You could quantify your knowledge of maths by giving the year of development of the most recent theory you have mastered. (One's "theory year".) In mechanics, I have covered Lagrangians quite well, so my mechanics year is 1783.*
Aggregate scores are much less meaningful, but I am inclined to be brutal and set one's overall theory year as the oldest year among your knowledge of the big trunk branches (geometry, algebra, Analysis, number theory, combinatorics, groups, logic...).
My mate Johnny points out a couple of problems here:
- Most mathematicians are so specialised that they'd have a TY of 2013 for one thing and 1800 for everything else. Your metric shouldn't have a low score for the greatest actual proponents.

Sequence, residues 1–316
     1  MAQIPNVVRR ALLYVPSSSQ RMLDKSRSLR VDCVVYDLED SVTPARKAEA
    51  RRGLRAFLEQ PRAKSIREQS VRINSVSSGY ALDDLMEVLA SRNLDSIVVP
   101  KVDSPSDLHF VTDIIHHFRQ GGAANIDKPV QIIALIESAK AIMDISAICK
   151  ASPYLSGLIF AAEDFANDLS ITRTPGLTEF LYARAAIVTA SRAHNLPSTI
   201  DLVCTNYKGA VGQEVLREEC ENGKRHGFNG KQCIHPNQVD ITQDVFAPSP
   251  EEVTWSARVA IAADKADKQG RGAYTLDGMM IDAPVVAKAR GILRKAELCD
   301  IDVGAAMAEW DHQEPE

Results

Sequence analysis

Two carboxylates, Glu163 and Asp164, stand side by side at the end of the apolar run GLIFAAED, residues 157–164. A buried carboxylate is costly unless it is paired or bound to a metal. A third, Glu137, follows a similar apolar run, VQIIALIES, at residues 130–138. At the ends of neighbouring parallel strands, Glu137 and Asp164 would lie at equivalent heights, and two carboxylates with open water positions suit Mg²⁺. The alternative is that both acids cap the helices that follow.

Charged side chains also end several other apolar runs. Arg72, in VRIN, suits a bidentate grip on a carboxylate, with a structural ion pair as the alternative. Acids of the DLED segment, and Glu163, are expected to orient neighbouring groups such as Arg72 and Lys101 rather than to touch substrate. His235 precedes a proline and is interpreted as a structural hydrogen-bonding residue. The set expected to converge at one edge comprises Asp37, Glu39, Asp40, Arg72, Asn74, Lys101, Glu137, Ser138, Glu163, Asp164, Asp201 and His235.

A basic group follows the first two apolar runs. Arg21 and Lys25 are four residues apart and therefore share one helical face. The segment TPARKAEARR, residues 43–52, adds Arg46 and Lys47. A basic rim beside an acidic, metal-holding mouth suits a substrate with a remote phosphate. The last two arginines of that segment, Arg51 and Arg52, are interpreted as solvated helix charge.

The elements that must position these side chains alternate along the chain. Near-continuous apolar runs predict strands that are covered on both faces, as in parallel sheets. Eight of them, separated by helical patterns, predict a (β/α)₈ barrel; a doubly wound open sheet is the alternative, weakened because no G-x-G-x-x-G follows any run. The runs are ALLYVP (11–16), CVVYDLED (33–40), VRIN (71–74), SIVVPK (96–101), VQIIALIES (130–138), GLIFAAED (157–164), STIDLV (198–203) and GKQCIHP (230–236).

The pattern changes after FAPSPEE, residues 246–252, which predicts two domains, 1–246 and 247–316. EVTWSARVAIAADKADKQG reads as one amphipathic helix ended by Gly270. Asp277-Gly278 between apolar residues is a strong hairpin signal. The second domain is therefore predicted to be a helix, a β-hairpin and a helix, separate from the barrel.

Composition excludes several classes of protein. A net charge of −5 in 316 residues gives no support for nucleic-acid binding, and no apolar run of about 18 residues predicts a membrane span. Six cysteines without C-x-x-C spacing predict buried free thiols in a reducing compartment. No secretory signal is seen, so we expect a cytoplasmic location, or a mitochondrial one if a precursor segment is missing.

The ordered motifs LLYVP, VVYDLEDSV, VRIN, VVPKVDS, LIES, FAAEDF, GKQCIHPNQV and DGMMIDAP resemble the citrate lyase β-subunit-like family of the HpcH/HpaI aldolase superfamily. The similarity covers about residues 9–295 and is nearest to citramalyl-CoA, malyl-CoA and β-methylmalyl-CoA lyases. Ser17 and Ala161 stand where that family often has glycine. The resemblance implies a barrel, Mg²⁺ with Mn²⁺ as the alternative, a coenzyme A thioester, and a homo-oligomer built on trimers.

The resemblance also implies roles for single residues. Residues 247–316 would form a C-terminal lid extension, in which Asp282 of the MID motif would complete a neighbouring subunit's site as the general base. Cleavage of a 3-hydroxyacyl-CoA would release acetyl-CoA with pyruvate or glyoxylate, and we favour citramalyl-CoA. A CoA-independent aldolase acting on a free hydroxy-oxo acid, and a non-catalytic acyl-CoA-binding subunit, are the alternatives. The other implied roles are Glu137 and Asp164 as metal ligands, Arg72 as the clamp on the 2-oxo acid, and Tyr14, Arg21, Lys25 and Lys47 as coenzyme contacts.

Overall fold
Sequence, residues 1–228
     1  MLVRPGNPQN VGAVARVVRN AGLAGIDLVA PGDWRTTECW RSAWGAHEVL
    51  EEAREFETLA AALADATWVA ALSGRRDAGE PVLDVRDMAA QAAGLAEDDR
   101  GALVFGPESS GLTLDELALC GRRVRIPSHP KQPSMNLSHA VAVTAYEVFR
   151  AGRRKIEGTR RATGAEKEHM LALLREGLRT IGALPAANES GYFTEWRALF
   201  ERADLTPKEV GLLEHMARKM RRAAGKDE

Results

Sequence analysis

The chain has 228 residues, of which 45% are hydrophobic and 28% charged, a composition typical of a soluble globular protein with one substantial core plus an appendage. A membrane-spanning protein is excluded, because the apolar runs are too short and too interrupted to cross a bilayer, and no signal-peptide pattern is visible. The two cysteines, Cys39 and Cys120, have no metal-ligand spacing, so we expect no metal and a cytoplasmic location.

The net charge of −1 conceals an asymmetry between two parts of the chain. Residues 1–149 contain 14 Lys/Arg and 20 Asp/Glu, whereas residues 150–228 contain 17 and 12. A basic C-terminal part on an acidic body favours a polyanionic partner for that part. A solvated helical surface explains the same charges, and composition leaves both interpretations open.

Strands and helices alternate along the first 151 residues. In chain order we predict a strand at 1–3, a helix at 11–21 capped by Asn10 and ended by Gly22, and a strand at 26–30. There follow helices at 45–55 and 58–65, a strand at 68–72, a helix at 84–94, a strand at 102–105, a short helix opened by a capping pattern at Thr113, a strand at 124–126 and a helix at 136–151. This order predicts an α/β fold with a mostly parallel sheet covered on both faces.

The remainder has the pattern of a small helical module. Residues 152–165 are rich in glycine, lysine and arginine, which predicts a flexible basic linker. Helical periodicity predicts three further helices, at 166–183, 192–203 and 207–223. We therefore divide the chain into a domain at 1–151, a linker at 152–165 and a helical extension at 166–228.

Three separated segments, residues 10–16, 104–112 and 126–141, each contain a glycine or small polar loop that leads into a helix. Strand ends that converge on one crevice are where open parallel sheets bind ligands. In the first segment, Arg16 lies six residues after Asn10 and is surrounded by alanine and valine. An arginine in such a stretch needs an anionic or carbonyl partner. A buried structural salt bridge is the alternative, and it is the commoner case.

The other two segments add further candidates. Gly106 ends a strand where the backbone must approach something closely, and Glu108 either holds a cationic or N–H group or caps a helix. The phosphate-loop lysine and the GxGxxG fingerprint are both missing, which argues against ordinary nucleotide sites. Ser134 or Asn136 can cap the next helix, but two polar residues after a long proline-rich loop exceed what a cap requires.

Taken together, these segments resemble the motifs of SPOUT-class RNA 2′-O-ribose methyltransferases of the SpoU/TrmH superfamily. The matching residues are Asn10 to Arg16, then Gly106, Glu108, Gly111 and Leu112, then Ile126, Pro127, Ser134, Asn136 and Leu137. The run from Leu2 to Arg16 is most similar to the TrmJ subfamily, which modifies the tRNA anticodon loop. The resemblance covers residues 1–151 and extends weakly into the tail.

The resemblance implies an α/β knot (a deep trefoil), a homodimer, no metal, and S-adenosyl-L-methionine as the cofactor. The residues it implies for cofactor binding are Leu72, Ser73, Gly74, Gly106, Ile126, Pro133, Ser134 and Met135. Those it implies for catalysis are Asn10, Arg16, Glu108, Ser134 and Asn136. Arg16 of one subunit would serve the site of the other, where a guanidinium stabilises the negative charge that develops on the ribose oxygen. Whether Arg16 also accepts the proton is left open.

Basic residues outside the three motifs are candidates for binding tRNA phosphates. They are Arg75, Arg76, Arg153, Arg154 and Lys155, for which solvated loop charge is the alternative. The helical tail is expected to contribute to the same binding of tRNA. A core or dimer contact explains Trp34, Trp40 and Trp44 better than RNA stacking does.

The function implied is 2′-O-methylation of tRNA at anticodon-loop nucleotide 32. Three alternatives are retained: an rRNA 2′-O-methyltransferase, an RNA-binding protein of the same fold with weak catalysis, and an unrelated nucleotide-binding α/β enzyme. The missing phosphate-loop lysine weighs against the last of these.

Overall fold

Response: theory year was made for omniscients, not for man.
- Mathematics itself gnaws at your concept: for Category theory promises to make all areas equivalent. So one very high TY, + 1945 in topology could theoretically give you an overall very high TY.
Response: Prove it.
* This doesn't look very good, but better when you consider that almost everyone is < -1800.